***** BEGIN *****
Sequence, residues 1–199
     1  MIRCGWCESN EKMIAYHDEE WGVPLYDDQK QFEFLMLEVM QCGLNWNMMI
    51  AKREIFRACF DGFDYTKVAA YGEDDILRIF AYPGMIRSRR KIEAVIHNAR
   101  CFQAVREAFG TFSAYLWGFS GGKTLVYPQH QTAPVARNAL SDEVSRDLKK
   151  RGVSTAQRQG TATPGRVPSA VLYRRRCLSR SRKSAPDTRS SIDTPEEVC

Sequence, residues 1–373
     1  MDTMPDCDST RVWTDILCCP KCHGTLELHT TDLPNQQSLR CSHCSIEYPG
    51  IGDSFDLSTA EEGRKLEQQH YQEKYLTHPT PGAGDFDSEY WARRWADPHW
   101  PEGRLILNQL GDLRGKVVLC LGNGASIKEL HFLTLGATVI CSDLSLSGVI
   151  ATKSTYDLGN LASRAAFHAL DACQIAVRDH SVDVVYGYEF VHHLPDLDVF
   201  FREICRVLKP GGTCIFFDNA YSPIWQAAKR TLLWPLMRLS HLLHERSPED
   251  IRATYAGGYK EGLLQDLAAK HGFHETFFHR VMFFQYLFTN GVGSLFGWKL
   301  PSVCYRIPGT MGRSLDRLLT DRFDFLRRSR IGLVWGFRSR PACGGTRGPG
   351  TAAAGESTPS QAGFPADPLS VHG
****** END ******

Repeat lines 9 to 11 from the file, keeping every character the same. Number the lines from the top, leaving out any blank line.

   101  PEGRLILNQL GDLRGKVVLC LGNGASIKEL HFLTLGATVI CSDLSLSGVI
   151  ATKSTYDLGN LASRAAFHAL DACQIAVRDH SVDVVYGYEF VHHLPDLDVF
   201  FREICRVLKP GGTCIFFDNA YSPIWQAAKR TLLWPLMRLS HLLHERSPED